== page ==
WhatsApp Image 2018-01-24 at 13.24.07Denton and Reddish MP, Andrew Gwynne, has reacted with anger as new statistics show that child poverty has risen in the past year, both nationally and locally.

Under the Tories the UK had already seen the biggest increase in child poverty in a generation with 4 million children living in poverty[1] throughout the UK which amounts to 30% of all children or 9 in a classroom of 30.

Locally, findings revealed by End Child Poverty found that in the Denton and Reddish constituency there are an estimated 4,970 children living in poverty which accounts for over a quarter of all children living in the constituency (25.8%). This shows an increase compared to figures for 2017, [2] and a rise of over 25% since 2012.

Families experience poverty for many reasons, but its fundamental cause is not having enough money to cope with the circumstances in which they are living. Sadly, in 2015 the Tories scrapped children poverty targets which had been implemented by the last Labour government, meaning they have no legal duty to tackle the number of children in poverty.

Child poverty imposes costs on broader society – estimated to be at least £29 billion a year[3]. Governments forgo prospective revenues as well as commit themselves to providing services in the future if they fail to address child poverty in the here and now.

Charities such as Barnardo’s link the rise in child poverty to broader Government policy, with specific reference to closures in Sure Start Centres and changes to in-work family benefits. The charity argues that during the period 2010/11 to 2015/16, the annual children centres expenditure has decreased sharply from £1.2 billion to an estimated £740 million.[4] As a result more than 350 Sure Start children’s centres have closed in England since 2010 adding greater financial pressures on families.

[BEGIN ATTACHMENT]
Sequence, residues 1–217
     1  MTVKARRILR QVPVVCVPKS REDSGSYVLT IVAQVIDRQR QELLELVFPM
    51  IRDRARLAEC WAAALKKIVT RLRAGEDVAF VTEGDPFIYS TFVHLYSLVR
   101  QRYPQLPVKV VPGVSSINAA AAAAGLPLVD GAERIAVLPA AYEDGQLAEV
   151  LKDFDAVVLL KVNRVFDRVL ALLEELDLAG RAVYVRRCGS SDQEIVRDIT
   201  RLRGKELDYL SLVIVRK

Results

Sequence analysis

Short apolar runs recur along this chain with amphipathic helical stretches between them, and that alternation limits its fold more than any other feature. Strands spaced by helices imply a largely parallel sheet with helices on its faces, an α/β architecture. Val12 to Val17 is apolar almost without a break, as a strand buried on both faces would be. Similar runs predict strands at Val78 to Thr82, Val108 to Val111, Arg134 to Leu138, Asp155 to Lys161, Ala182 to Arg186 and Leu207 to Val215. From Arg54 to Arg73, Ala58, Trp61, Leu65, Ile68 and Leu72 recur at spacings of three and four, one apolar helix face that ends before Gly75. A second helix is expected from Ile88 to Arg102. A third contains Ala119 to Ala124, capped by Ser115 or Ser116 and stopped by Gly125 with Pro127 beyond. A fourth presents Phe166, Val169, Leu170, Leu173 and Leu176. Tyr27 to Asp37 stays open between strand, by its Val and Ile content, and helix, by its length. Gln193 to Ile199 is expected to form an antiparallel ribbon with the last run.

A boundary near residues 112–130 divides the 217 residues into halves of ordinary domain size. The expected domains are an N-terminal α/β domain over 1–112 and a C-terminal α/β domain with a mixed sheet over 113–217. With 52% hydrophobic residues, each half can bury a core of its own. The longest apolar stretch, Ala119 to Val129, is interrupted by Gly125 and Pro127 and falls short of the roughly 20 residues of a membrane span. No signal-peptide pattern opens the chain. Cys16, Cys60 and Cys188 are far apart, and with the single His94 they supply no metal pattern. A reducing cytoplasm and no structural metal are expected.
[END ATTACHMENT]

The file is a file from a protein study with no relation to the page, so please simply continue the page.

Added to this, research by the Institute for Fiscal Studies (IFS) forecasts that under current plans for changes to benefits, including the rollout of universal credit, absolute child poverty is set to increase from 27 per cent to 31 per cent by 2021.[5]

Andrew Gwynne said:

“No child growing up in Britain today should ever have to grow up in poverty. For the children who do, poverty represents a real barrier to them reaching their full potential.

“Increasing child poverty is a direct result of this Government’s utter failure to tackle the increasing cost of living, stagnating wages and their slashing of social security support.

“Sadly, these figures will not come as a surprise to many who witness the effects of poverty on children and families every day, this includes more and more children coming to school tired and hungry because their parents cannot afford to provide meals at home.”

 

 

[1] http://www.cpag.org.uk/child-poverty-facts-and-figures

[2] https://mss.carto.com/viz/b5cd6e7e-a36d-11e6-9889-0e05a8b3e3d7/embed_map

[3] http://www.cpag.org.uk/content/estimate-cost-child-poverty-2013

[4] www.gov.uk/government/collections/section-251-materials

[5] https://www.ifs.org.uk/uploads/publications/comms/R136.pdf

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